Today we'll do a simple run through of a valuation method used to estimate the attractiveness of John Bean Technologies Corporation (NYSE:JBT) as an investment opportunity by taking the expected future cash flows and discounting them to their present value. This will be done using the Discounted Cash Flow (DCF) model. There's really not all that much to it, even though it might appear quite complex.
Companies can be valued in a lot of ways, so we would point out that a DCF is not perfect for every situation. If you want to learn more about discounted cash flow, the rationale behind this calculation can be read in detail in the Simply Wall St analysis model.
What's the estimated valuation?
We're using the 2-stage growth model, which simply means we take in account two stages of company's growth. In the initial period the company may have a higher growth rate and the second stage is usually assumed to have a stable growth rate. To begin with, we have to get estimates of the next ten years of cash flows. Where possible we use analyst estimates, but when these aren't available we extrapolate the previous free cash flow (FCF) from the last estimate or reported value. We assume companies with shrinking free cash flow will slow their rate of shrinkage, and that companies with growing free cash flow will see their growth rate slow, over this period. We do this to reflect that growth tends to slow more in the early years than it does in later years.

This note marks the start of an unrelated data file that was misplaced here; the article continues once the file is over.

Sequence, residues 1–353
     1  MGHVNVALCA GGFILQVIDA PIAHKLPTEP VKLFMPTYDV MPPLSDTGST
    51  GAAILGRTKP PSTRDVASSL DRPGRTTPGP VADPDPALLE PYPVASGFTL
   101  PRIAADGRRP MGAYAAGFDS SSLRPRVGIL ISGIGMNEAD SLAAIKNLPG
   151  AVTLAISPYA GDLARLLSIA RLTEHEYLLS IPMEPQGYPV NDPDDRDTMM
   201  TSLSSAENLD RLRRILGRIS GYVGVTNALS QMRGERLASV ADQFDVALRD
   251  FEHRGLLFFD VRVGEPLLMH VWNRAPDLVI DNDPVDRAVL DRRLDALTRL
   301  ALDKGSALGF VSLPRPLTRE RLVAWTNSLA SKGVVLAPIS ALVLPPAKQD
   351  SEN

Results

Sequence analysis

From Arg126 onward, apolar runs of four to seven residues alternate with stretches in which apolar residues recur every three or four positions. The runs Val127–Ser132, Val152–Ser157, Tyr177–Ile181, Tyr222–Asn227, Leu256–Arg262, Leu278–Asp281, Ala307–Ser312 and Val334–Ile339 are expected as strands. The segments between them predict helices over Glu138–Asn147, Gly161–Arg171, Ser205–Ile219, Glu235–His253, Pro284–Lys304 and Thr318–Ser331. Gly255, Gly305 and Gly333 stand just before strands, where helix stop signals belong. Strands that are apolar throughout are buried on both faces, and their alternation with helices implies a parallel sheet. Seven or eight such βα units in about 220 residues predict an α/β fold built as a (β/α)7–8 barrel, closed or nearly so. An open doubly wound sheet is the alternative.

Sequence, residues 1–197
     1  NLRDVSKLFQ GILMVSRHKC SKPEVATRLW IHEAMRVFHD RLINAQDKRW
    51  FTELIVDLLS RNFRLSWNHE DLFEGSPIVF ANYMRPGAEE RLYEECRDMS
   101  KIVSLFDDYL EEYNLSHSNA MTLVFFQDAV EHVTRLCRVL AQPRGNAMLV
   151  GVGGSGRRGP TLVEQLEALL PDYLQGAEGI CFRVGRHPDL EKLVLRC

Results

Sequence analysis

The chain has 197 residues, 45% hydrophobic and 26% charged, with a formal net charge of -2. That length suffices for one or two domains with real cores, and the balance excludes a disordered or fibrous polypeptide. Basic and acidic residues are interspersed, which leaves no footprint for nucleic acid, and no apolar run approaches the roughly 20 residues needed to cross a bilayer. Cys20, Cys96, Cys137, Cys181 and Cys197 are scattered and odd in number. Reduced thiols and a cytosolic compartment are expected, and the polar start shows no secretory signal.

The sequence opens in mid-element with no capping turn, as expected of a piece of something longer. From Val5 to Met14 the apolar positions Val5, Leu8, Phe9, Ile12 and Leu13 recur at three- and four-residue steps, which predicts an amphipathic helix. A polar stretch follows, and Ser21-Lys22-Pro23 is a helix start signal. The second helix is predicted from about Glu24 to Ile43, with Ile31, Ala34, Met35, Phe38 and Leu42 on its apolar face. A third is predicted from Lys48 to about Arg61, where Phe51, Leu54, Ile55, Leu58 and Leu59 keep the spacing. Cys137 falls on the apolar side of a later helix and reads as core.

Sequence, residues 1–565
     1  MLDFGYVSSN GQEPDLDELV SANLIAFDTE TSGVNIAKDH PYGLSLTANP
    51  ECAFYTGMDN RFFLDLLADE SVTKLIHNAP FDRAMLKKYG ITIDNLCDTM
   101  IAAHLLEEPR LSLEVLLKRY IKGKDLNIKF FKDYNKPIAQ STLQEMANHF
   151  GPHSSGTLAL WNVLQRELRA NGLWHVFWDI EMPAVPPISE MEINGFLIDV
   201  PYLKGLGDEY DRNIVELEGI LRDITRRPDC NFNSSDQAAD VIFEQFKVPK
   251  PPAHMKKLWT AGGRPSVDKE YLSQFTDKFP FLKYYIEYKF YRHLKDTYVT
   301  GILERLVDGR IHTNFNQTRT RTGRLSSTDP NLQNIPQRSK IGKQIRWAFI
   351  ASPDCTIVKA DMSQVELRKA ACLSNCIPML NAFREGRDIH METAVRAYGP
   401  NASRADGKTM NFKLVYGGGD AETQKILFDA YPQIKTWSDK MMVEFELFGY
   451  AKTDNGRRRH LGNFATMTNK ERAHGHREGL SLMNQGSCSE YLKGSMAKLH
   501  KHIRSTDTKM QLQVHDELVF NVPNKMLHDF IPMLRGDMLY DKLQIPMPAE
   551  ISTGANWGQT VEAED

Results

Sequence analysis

Generally we assume that a dollar today is more valuable than a dollar in the future, and so the sum of these future cash flows is then discounted to today's value:
10-year free cash flow (FCF) forecast
|Levered FCF ($, Millions)||US$144.3m||US$181.7m||US$289.0m||US$333.0m||US$382.0m||US$418.1m||US$448.3m||US$473.7m||US$495.4m||US$514.3m|
|Growth Rate Estimate Source||Analyst x3||Analyst x3||Analyst x1||Analyst x1||Analyst x1||Est @ 9.44%||Est @ 7.22%||Est @ 5.67%||Est @ 4.58%||Est @ 3.82%|
|Present Value ($, Millions) Discounted @ 7.9%||US$134||US$156||US$230||US$246||US$261||US$265||US$263||US$258||US$250||US$240|
("Est" = FCF growth rate estimated by Simply Wall St)
Present Value of 10-year Cash Flow (PVCF) = US$2.3b
After calculating the present value of future cash flows in the initial 10-year period, we need to calculate the Terminal Value, which accounts for all future cash flows beyond the first stage. The Gordon Growth formula is used to calculate Terminal Value at a future annual growth rate equal to the 5-year average of the 10-year government bond yield of 2.0%. We discount the terminal cash flows to today's value at a cost of equity of 7.9%.
Terminal Value (TV)= FCF2030 × (1 + g) ÷ (r – g) = US$514m× (1 + 2.0%) ÷ (7.9%– 2.0%) = US$9.0b
Present Value of Terminal Value (PVTV)= TV / (1 + r)10= US$9.0b÷ ( 1 + 7.9%)10= US$4.2b